(.?) zJ0!«?> S—M- . V>) Ephes. iv. 13 -15. Heb. xiii. 7—9. {>] 2 Tim. iv. 3.

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claim against its mysteries : and presuming to measure by their unassisted reason subjects utterly beyond the grasp of human understanding, plunge into the most extravagant wildnesses of interpretation, rather than bend to the plain and repeated declarations of God concerning the nature of his own Godhead. More frequently they take offence at the humiliating facts which lie at the root of the doctrine of redemption: that man is radically. corrupt; that the law of God is a law of perfect holiness, and requires perfect obedience; that, any breach of that law in any one-point, subjects the offender to the penalty of eternal death; that holiness is in no respect the product of the human heart, but altogether the fruit of the Spirit of God; and consequently that whoever shall receive remission of punishment, sanctification, and the gift of life eternal, will receive all these blessings solely through the free grace and mercy of God in .Christ, and will owe no one of them in the smallest portion or degree to any right or merit of his own. Numbers, instead of humbly acknowledging these truths, which are as consistent with reason as they are decidedly inculcated in the Scriptures, proudly rely on their supposed personal righteousness; dare to claim forgiveness and salvation as in part at least due to their own excellence and good

works; works; and are so far from looking to Christ as the sole ground of hope of deliverance from the wrath to come, and of admission into the kingdom of glory, that they regard his atoning sacrifice merely, if I may venture to apply the term to so aweful a subject, as a sort of make-weight, which may compensate for such of their transgressions as their own imaginary righteousness may not have been altogether sufficient to countervail. So blind to their own state, so ignorant of the fundamental principles of Christianity, are many who frequent Christian worfliip! May God grant that few or none of you, when you examine your own faith, may sind yourselves of this description! Meditate then, as the apostle exhorts, upon these things. Take heed to thyself and to thy doclrine: continue in them. Speak thou the things which become sound dotlrine; that men be sound in faith. If any man consent not to wholesome words, even the words of our Lord Jesus Christ, and to the doclrine which is according to godliness; be is proud, knowing nothing (k).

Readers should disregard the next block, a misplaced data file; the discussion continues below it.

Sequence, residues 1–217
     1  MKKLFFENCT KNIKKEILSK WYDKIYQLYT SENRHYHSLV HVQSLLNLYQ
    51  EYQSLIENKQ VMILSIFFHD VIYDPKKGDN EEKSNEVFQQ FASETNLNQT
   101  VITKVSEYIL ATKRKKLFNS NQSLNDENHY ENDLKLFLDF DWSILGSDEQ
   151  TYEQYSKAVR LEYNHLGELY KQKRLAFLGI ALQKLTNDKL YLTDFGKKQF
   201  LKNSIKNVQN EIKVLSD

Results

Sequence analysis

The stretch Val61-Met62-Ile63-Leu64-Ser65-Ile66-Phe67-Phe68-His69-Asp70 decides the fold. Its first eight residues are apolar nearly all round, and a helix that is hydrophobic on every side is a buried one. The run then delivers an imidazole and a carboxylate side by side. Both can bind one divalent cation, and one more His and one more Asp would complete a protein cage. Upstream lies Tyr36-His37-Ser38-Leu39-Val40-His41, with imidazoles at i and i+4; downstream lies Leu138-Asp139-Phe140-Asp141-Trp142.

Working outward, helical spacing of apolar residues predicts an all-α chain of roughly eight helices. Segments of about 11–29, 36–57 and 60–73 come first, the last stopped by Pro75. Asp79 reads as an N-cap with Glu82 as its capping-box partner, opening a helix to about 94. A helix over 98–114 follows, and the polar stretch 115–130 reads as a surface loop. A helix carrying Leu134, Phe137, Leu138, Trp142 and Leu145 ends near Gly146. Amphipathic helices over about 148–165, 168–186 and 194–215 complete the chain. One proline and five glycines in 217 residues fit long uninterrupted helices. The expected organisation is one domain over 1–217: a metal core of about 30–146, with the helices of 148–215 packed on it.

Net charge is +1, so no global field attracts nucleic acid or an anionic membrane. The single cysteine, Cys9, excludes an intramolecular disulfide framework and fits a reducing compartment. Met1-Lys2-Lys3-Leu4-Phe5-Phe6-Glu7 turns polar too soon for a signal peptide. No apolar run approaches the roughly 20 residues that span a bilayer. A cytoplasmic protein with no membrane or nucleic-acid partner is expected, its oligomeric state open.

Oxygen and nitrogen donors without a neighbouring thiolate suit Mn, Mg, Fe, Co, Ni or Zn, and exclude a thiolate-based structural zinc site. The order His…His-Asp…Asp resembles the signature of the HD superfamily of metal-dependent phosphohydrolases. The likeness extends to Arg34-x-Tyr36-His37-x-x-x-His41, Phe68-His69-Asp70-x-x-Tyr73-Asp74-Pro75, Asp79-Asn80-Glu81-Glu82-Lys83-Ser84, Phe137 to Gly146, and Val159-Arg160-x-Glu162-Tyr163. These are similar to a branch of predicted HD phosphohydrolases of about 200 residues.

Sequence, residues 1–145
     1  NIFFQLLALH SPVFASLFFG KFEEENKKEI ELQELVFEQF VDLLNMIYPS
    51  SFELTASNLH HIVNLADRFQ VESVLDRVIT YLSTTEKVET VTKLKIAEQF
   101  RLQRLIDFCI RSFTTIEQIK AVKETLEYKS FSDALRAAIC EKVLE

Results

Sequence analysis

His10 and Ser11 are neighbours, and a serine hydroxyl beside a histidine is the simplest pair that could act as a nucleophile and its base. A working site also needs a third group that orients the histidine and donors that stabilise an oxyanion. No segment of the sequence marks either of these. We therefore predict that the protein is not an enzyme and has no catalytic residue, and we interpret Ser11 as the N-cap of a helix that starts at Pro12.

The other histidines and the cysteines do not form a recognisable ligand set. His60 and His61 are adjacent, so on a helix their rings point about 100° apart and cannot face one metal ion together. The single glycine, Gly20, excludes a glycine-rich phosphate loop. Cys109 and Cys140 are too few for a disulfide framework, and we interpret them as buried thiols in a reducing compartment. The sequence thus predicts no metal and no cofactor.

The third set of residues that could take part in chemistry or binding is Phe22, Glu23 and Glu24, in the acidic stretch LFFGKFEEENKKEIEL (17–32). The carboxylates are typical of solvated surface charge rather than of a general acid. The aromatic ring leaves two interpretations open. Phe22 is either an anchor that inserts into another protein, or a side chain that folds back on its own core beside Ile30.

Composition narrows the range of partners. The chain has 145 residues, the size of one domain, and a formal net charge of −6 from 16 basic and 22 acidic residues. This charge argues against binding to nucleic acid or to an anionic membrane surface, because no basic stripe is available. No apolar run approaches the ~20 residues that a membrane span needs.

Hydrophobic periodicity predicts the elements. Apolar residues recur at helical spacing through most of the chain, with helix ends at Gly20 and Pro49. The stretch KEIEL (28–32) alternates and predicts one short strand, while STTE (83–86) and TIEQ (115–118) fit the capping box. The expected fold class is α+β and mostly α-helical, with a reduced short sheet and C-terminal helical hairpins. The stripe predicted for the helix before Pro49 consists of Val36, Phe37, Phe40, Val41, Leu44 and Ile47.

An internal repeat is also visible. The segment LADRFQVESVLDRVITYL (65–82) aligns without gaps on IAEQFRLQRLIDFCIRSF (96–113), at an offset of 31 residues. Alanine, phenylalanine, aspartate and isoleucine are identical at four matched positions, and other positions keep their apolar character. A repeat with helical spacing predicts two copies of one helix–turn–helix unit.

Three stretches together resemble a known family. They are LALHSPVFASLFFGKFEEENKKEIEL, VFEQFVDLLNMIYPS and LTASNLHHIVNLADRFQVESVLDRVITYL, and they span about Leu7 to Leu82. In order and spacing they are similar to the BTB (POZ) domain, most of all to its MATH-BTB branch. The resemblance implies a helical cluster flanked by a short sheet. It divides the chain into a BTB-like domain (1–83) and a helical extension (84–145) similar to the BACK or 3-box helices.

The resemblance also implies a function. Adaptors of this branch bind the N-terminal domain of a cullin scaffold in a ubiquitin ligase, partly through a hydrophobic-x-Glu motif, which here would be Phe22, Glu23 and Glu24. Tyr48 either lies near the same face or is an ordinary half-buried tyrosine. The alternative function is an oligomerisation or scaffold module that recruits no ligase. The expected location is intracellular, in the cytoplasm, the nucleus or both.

2. Christ, in the i.econd place, is the cornerstone of morality. He conferred, in various Ways, most eminent glory on the moral law of God. He came to give himself as a sacrifice

(I) J Tim, iv. 15, 16. Tit. ii. 1,2. 1 Tim. vi. 3, 4.